As with most other peaks in the Mill Brook Ridge range, there was very little human impact on Graham for most of its recorded history. That changed drastically after the construction of Turner Hollow Road in the late 19th century, connecting Seager with the end of Beaver Kill Road, allowing anglers to reach private fishing clubs on the Beaver Kill headwaters from the Arkville Station on the Ulster and Delaware Railroad. Around 1890 George Gould bought the Furlow Lodge tract, including most of the mountain, since his father had enjoyed fishing at the lake so much.
Turner Hollow Road (rerouted to the west in the late 19th century) made the upper slopes of Graham more accessible to logging operations. Their impact on the mountain still is visible to elevations of well above 3,000 feet (910 m), well above their extent elsewhere in the area. One of the last of these took place in the early 1960s, when the relay station was built on a one-acre (4,000 m2) clearing at the summit. A technician and pilot were marooned on the summit for 24 hours after their helicopter crashed there on a maintenance trip during a heavy snowstorm in early 1963. It remained in service for a few more years after that and was abandoned sometime before 1969.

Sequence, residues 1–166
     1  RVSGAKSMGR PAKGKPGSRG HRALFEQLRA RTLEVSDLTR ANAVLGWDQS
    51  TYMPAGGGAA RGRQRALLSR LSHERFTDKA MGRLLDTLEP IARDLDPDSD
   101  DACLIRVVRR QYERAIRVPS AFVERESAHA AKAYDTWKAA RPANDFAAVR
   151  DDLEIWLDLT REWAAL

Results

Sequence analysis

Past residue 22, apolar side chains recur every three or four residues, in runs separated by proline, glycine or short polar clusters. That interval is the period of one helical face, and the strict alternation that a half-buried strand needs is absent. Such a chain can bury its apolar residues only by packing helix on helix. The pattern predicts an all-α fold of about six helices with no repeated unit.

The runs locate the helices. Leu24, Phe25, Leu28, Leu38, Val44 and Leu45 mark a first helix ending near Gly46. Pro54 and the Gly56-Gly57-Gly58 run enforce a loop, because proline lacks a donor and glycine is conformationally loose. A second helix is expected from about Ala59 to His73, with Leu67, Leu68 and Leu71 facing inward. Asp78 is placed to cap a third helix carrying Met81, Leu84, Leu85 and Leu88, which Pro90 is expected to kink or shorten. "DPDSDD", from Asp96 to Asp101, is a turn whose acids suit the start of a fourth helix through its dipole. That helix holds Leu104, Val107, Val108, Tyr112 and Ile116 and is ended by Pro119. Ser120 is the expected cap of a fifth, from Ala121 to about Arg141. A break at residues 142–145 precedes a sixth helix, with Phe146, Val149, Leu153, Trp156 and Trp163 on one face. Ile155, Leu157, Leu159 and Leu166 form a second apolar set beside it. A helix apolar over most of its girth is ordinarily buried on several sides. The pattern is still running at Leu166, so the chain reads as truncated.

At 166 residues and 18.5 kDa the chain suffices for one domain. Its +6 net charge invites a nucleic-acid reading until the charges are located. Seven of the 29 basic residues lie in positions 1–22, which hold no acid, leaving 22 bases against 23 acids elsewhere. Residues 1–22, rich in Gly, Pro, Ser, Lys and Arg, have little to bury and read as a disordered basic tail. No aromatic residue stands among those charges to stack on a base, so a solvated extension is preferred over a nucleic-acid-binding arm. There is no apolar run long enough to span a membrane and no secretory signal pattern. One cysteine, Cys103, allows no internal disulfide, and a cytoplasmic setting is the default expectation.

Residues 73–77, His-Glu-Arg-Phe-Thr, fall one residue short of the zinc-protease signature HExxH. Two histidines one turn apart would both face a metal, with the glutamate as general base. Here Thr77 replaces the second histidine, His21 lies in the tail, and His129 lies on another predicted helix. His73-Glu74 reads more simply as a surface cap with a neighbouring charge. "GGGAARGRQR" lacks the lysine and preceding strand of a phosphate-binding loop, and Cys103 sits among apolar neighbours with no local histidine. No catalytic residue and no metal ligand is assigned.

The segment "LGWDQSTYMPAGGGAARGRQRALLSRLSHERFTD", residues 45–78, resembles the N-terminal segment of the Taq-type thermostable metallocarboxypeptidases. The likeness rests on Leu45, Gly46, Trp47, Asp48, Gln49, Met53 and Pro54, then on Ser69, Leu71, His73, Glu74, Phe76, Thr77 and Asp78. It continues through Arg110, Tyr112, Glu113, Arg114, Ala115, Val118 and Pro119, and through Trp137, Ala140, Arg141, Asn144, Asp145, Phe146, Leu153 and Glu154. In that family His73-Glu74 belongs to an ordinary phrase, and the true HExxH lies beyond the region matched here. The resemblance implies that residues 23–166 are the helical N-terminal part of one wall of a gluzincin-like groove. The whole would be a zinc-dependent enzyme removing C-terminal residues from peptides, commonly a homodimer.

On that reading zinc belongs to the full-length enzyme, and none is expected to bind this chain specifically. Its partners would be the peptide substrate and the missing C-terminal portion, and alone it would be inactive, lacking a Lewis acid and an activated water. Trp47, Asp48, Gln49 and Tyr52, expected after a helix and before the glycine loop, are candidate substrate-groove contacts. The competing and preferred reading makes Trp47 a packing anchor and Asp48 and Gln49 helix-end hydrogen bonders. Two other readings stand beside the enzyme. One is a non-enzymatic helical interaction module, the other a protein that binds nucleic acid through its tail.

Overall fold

The most frequent route to the summit follows the Dry Brook Ridge Trail from the Mill Brook Road crossing, the highest trailhead in the Catskills at 2,580 feet (790 m). Hikers follow the blue-blazed trail, the old jeep road to the Balsam Lake Mountain fire tower, 1.8 miles (2.9 km) to where the unblazed Old Tappan Road, a relocated stretch of the Turner Hollow Road, forks off to the left at an elevation of 3,340 feet (1,020 m).
At this point hikers leave the trail and its public easement. Permission is required from the Furlow Lodge caretaker to climb from there to the summit of Graham since it is private property. The Old Tappan Road curves around the side of Turner Hollow, descending 100 feet (30 m) before ascending again after a fork where an older portion of the Turner Hollow Road descends on the left to Drury Hollow. The road ahead continues the gentle ascent until 3,400 feet (1,000 m), where it climbs more sharply up a series of switchbacks, passing some of the balsam firs on the slope at higher elevations.
The summit is marked by a U.S. Geological Survey benchmark with the 3,868-foot (1,179 m) elevation set in a rock at the west edge of the ridge where the road ends. The old relay station, a one-story cinderblock structure with no remaining roof and the three steel supports that can be seen from various viewpoints in the area near the mountain, is at the center of a large clearing. An informal poll of 3500 Club members has found Graham ranks with nearby Eagle as their least favorite summit among the Catskill High Peaks.